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IDALIA

I have the honour of meeting you most? As yet, you know, I am in ignorance of your nation."

He spoke with the natural careleasnesa of so natural a question; the Countess Vassalis must as he deemed be known by the representatives of all the great Powers. A shadow of impatience came on her face, a defiant hauteur in her eyes.

"You will meet me at none of the Embassies," she said, briefly and coldly.

And in that moment Erceldoune saw Idalia as he had never seen her before; saw in her a certain grandeur of disdainful defiance, a certain outlawed sovereignty as of one life against a world.

"The Countess Idalia has come to the East for rest," interposed Victor Vane, with his musical, gliding voice. "How is it possible to obtain it if you go en pénitence to those tedious travesties of little courts, his Excellency's receptions? Visiting your Ambassador is, I think, one of the severest penalties of foreign residence."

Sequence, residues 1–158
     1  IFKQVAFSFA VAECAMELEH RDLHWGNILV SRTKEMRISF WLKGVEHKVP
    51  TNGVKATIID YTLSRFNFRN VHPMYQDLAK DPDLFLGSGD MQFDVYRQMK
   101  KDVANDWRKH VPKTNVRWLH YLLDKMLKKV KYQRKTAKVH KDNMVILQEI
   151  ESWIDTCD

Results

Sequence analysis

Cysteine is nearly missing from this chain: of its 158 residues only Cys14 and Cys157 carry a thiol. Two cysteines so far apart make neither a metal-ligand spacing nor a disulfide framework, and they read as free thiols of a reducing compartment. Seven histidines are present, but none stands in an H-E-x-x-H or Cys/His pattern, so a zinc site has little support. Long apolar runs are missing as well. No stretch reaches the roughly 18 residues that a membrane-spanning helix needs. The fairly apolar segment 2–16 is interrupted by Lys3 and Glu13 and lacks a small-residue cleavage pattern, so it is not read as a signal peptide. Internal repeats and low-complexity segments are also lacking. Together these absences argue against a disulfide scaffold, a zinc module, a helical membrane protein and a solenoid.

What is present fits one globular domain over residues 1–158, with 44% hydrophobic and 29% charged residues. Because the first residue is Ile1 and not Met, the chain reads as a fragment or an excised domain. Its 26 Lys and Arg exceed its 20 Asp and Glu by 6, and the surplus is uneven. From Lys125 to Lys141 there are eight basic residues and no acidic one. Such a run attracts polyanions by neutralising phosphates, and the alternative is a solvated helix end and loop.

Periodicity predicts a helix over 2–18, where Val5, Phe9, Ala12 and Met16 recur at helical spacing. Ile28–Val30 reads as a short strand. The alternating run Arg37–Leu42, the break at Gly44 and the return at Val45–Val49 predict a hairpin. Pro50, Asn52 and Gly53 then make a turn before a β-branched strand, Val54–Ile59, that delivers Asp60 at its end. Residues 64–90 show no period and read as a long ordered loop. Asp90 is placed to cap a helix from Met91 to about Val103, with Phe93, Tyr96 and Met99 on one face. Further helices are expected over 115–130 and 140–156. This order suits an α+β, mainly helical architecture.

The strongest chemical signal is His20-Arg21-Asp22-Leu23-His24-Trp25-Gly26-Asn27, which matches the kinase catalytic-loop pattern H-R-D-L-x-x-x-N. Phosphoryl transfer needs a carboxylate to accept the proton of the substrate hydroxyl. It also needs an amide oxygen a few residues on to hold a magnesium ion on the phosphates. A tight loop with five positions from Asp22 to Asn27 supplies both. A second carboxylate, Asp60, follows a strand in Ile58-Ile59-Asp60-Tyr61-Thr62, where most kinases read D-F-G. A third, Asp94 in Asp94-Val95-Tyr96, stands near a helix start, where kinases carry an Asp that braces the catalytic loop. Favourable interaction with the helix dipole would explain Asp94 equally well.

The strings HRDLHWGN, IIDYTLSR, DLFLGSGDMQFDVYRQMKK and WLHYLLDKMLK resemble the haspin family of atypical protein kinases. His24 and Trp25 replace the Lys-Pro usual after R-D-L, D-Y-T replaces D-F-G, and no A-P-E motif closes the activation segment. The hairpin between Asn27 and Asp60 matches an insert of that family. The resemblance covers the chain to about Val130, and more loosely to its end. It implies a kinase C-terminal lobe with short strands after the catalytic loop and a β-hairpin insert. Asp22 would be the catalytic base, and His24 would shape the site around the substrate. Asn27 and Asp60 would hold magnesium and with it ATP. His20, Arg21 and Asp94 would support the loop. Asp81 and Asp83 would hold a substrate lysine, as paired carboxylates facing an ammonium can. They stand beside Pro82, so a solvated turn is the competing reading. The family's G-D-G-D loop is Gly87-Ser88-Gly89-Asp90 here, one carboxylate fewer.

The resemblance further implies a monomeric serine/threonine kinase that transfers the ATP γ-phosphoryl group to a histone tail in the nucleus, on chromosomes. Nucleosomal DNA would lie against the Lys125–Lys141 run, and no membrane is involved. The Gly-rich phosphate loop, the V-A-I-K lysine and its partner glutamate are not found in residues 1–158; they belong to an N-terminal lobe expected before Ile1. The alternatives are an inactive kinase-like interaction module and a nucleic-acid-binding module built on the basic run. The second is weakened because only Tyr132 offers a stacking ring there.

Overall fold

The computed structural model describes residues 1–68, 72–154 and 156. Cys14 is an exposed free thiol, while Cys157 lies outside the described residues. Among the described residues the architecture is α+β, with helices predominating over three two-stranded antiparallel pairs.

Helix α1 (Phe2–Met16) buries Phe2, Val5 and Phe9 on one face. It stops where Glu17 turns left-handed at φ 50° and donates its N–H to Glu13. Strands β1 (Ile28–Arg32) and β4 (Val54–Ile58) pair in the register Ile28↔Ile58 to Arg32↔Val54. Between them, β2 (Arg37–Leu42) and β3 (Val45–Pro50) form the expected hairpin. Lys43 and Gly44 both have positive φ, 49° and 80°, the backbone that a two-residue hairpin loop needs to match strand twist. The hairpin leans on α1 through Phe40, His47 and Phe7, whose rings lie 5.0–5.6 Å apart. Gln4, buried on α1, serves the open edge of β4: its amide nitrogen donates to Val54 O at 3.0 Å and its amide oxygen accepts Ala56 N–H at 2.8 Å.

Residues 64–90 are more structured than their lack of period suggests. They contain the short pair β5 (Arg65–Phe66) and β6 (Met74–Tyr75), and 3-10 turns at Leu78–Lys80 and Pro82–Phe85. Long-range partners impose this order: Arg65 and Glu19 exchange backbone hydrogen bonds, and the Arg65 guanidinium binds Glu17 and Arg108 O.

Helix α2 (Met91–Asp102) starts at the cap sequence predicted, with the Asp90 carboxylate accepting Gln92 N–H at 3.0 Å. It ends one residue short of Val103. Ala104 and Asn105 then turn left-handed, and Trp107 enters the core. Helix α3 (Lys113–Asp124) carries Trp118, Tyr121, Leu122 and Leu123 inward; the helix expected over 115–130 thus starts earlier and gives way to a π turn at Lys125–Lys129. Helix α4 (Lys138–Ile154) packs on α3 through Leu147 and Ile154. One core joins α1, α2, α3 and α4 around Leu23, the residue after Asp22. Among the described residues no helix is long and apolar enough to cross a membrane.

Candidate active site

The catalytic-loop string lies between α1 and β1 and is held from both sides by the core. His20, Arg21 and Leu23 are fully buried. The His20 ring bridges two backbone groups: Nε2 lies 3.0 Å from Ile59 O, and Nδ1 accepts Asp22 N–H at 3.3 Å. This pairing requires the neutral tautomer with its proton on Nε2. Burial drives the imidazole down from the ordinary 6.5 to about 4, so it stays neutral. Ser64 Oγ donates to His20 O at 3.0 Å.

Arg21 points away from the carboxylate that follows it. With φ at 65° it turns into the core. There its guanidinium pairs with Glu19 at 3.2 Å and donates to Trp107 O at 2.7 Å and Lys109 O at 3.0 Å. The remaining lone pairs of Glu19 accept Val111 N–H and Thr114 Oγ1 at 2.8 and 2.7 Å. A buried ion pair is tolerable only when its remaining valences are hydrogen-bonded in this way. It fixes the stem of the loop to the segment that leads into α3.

"Our Representative will consent, I dare say, to release you from it if you petition him; or, most likely, he will not notice your choice de briller par votre absence," said Erceldoune, curtly.

He knew the explanation was a diplomatic lie; he was tortured with bitter impatience to know why the